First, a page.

Professor Michael Lewis from The University of Sydney, Australia presented the unique topic of Japanese Manga and Culture, specifically Otaku and Soft Power (or “Cool Japan”), to the Mass Comm Transnational Media class last Thursday evening.
Otaku is a Japanese term for people with obsessive interests, commonly the anime and manga fandom.
Professor Lewis is a historian of modern Japan with research interests in the intersections of social, cultural, and scientific history.
Japanese comics and cartoons, with their bold art and complex plots, have captured the hearts and imaginations of a worldwide audience.
Manga is the Japanese term for comics. The word was first used in 1798 to describe the picture book Shiji no yukikai. The term showed up again in 1814 as the title of Aikawa Minwa’s Manga Hyakujo and Hokusai Manga, books that contained drawings by the artist Hokusai.
Modern manga developed amid an explosion of artistic creativity during the U.S. occupation of Japan, from 1945–1952. During the occupation, U.S. troops introduced American comics and cartoons, such as Mickey Mouse, Betty Boop, and Bambi to Japan, inspiring Japanese artists to develop their own style of comics. Japanese cartoonist, Osamu Tezuka, known as the God of Manga and Godfather of Anime, invented the distinctive large eyes prominent in both manga and anime. His manga series, Astro Boy, went on to become the first Japanese television series to embody the aesthetic that became known worldwide as anime. The series was first broadcast in Japan in 1963. – Manga & Anime: The Japanese Invasion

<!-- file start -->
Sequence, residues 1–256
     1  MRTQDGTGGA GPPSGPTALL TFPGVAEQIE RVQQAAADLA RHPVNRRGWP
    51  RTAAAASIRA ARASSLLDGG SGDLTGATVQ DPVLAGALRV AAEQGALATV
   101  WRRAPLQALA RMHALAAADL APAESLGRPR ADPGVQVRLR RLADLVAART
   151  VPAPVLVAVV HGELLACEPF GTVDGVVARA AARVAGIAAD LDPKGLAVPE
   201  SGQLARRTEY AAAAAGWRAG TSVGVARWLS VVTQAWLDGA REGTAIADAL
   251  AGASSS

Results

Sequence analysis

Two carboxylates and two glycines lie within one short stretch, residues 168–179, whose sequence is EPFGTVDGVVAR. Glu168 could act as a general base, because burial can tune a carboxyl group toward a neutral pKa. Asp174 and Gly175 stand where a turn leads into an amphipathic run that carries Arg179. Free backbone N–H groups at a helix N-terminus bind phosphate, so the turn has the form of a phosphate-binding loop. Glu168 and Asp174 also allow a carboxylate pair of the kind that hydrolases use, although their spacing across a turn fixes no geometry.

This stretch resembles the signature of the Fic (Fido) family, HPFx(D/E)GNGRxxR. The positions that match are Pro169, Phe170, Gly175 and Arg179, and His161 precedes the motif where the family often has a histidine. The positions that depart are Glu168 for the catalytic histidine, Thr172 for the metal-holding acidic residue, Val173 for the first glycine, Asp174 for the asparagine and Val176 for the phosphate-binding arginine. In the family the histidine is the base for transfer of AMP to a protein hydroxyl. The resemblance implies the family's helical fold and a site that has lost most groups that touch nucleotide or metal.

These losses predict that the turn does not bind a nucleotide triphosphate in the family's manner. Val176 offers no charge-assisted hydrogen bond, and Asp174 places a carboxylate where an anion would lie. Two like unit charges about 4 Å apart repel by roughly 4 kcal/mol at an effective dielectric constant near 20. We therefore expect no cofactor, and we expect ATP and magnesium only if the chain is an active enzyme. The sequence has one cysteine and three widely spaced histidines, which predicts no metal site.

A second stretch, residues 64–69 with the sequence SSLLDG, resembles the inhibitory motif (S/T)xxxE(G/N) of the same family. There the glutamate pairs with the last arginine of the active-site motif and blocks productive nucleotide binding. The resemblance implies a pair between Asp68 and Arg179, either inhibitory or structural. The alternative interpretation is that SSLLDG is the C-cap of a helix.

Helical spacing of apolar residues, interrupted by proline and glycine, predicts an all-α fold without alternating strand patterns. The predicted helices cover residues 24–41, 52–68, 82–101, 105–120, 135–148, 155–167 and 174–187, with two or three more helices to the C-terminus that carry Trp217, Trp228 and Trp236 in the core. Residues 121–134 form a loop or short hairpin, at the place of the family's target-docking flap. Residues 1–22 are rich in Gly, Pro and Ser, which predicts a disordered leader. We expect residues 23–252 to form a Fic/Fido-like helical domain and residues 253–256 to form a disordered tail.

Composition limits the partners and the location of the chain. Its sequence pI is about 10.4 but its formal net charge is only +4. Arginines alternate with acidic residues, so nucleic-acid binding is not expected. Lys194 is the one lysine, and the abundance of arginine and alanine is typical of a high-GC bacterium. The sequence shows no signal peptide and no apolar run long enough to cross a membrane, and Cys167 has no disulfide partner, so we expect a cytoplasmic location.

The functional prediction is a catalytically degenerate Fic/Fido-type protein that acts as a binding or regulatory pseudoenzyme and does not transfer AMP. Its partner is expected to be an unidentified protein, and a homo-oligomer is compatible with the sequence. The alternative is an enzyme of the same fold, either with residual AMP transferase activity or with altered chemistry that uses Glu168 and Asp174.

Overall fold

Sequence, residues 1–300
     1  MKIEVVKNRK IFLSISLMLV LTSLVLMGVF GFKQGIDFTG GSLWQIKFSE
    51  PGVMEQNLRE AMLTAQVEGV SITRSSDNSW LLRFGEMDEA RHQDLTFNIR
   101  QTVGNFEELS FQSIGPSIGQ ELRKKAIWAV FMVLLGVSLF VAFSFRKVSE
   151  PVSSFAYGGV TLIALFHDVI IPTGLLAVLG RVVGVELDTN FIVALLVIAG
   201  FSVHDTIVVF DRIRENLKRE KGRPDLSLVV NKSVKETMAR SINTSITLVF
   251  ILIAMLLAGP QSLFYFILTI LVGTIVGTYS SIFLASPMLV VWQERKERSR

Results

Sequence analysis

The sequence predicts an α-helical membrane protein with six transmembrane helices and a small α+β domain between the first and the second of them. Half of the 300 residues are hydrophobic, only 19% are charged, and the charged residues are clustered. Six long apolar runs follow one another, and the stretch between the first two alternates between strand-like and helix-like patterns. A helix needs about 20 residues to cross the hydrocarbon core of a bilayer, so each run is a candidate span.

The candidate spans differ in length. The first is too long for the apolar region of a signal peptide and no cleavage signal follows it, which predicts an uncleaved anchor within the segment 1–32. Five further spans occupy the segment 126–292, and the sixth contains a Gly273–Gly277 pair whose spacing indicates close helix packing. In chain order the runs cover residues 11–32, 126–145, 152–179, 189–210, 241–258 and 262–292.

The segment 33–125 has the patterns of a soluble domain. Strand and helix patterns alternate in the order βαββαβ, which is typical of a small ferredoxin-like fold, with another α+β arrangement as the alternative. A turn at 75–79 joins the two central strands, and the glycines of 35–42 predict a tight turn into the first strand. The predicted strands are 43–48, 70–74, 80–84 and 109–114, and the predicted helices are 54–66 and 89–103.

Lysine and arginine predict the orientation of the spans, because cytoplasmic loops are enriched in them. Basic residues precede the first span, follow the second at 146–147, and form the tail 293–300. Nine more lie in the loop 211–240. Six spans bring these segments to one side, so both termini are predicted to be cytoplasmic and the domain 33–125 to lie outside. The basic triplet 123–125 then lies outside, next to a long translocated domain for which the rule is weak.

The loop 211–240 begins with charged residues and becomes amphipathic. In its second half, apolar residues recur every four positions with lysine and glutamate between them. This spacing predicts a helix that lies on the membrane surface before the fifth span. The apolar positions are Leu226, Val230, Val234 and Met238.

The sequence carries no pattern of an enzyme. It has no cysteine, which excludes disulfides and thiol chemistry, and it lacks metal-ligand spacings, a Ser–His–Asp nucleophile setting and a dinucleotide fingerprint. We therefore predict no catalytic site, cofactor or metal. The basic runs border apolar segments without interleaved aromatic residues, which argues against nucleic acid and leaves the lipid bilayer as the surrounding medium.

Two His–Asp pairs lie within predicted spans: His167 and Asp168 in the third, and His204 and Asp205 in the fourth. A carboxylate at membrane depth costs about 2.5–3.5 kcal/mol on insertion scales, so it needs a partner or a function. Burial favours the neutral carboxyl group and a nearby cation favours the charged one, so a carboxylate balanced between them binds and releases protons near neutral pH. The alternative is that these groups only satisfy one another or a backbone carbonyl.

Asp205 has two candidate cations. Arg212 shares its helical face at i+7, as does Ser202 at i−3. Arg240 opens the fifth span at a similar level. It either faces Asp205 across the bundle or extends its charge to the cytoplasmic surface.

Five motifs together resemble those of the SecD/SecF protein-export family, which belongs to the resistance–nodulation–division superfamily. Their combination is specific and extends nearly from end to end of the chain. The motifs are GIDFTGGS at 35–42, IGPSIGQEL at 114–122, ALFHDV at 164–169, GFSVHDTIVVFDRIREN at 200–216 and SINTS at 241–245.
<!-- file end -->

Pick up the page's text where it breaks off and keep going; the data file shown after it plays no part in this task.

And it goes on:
Professor Lewis is presently researching a study of nineteenth and twentieth century Japanese pioneers in introducing humane therapies for treating mental illness. The study examines the movement to decriminalize illness and introduce new therapies, including psychoanalysis. He has recently completed research on this project at Tokyo’s Waseda and Keio Universities.